With spring ball right around the corner, the UCLA Bruins and Jim Mora are gearing up for what they hope will be a successful 2014 season.
Expectations have been ramped up considerably from where they were before Mora took over.
Mora has won more games in his first two seasons (19) than any other UCLA coach has in the same time span. The 10 victories this past year were the most the program has won since 2005.
Perhaps most importantly for the Bruin faithful, Mora is 2-0 in his short UCLA career against crosstown foe Southern Cal.
There are a plethora of specifics that indicate having a successful season. The overall health of a football team is key. Coaching a talent-laden roster is also paramount for having success, as is having a veteran quarterback under center.
A third and significant determiner for a prosperous campaign is the strength of schedule, or a lack thereof. A BCS contender needs to generally play a respectable nonconference slate. A fortuitous conference schedule also could help out tremendously.
Looking at the upcoming year, there's no question UCLA is gunning for one of the four spots in the new College Football Playoff format. Mora returns an experienced squad—buoyed by a potential Heisman Trophy candidate in signal-caller Brett Hundley.
UCLA's slate of games in 2014 is a very favorable one. It offers two respectable opponents in the nonconference portion. As for the conference contests, many of the expected tougher opponents will have to travel to the Rose Bowl.
This piece will offer a brief look at the entire schedule for the Bruins. A more in-depth look will follow at a later date.
The season opener will take the Bruins to Charlottesville, Va., to take on Virginia. Mike London's team went 2-10 in 2013. After starting the season 2-2, the Cavaliers lost nine straight contests.
This game will provide UCLA with the opportunity to travel across the country and perform well in front of a national audience. Virginia will undoubtedly be amped for the game, but UCLA has a considerable talent advantage on both sides of the ball.
UCLA will head home to Pasadena to square off against the Memphis Tigers. Again, this is a game UCLA should have no trouble with. Memphis went 3-9 last year against inferior competition.
The third (and last) nonconference tilt is by far the most intriguing. UCLA will travel to Dallas to take on the Texas Longhorns. Playing this game against a big-name opponent, in the ostentatious AT&T Stadium, should provide for great theatre.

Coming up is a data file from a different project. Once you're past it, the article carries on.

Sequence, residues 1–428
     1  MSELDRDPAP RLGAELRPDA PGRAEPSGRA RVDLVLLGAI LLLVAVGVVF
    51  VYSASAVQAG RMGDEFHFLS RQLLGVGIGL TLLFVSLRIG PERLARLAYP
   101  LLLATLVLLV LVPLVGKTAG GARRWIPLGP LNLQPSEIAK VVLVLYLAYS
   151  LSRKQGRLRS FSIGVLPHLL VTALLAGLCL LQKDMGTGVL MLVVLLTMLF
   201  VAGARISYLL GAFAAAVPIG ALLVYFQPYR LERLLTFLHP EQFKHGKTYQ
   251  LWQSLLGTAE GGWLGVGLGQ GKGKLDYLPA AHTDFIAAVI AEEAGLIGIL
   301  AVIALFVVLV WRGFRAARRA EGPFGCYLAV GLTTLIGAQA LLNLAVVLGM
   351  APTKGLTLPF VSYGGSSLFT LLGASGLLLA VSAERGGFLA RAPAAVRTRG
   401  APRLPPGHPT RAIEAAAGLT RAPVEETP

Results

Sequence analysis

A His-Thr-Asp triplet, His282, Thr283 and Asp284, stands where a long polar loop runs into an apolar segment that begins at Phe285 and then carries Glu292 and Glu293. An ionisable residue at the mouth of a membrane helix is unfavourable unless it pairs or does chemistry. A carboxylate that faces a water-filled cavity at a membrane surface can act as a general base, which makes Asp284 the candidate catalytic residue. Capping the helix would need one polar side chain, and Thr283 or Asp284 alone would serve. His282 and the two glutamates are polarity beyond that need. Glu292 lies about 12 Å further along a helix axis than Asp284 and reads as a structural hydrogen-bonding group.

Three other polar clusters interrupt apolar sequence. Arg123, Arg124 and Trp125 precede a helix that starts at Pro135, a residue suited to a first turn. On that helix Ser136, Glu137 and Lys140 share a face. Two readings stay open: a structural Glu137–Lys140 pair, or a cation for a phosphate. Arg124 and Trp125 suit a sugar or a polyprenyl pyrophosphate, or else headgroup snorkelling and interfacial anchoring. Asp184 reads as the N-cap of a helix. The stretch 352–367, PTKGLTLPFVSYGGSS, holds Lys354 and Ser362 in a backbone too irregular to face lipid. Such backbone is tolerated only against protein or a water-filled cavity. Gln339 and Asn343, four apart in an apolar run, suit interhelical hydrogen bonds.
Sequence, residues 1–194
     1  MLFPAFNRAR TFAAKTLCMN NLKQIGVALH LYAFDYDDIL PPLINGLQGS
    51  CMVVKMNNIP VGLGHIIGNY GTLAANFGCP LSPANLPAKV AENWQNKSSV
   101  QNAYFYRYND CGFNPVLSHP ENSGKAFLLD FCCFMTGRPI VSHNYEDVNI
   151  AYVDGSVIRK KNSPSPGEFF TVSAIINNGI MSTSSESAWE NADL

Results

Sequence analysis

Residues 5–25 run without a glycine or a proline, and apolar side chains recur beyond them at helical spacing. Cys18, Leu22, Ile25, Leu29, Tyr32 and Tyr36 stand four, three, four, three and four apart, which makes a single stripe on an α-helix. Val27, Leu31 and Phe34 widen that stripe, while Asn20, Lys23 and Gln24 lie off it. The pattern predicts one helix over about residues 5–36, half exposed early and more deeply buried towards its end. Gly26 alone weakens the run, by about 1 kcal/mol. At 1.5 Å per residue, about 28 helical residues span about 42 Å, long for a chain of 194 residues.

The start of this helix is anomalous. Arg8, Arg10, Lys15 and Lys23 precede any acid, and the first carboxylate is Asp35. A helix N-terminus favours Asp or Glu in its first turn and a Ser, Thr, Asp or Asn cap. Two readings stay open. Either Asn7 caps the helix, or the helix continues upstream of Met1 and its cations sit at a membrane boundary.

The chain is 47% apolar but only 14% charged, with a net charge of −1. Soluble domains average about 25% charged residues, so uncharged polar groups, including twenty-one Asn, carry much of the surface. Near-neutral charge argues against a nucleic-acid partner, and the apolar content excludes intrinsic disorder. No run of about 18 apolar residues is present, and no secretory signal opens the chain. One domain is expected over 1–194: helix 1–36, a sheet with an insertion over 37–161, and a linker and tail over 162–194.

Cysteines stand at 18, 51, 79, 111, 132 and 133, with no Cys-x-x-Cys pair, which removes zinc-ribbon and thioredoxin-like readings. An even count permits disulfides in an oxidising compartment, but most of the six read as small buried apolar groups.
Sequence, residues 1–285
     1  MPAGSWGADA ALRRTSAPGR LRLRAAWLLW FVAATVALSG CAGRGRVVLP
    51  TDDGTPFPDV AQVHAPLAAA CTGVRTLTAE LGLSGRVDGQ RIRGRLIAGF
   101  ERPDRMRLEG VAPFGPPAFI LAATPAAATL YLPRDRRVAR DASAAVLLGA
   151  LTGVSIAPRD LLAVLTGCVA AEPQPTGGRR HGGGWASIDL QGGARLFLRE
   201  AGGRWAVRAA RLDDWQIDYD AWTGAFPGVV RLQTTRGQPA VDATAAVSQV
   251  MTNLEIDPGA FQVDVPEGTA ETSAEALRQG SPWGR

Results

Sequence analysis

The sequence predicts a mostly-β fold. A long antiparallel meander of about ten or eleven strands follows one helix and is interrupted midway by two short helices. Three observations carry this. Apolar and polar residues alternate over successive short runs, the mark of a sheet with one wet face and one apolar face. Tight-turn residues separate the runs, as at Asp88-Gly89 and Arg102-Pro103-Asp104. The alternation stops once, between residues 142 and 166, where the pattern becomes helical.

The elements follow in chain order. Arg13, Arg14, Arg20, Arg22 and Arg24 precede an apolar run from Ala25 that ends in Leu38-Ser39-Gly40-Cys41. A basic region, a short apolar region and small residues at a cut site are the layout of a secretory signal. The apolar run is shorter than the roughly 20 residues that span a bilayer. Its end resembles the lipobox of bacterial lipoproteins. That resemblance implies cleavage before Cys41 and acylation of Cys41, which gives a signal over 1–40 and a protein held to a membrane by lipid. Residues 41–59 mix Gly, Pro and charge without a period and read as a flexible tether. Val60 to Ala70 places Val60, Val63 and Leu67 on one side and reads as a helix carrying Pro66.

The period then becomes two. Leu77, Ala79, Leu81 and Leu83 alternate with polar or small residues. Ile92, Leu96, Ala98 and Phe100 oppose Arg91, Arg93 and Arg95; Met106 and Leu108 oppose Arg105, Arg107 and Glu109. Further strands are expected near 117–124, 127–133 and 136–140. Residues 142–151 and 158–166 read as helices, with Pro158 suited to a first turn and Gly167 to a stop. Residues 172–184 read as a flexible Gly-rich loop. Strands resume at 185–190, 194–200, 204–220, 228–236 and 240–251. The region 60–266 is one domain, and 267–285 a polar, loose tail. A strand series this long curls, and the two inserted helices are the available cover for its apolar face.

Texas is an unknown at this point. Charlie Strong will be in his inaugural season with what's been considered a very underachieving program as of late. Texas has talent, but its anyone's guess as to how quickly Strong will be able to implement his style of play.
Perhaps the bigger question comes in the form of a starting quarterback. As of now, there isn't a concrete option at the position. A potential win here could help in propelling UCLA forward for the remainder of its season.
When looking at UCLA's conference schedule, the Bruins are faced with a very manageable slate.
Road contests come at Arizona State, Cal, Colorado and Washington. UCLA gets a bye before facing the Sun Devils in Tempe.
Games in Boulder and Berkeley don't figure to be overly difficult. Although the Bruins haven't beaten Cal in Berkeley since 1998, expect UCLA to exorcise the demons and come out with a victory.
The one potential trap game does exist with Washington. Playing in the newly renovated Husky Stadium is no easy task. The atmosphere can get incredibly loud up in Seattle. The Huskies also have a lot of returning talent coming back to play under new head coach Chris Petersen. It figures to be a very challenging affair.
UCLA is fortunate enough to play its two toughest opponents—Oregon and Stanford—at home in the Rose Bowl. The contest against rival Southern Cal will also be in Pasadena.
Assuming the team can stay healthy, this schedule sets UCLA up very well for a potential BCS bowl berth in January.
*UCLA's entire schedule for 2014 can be found here.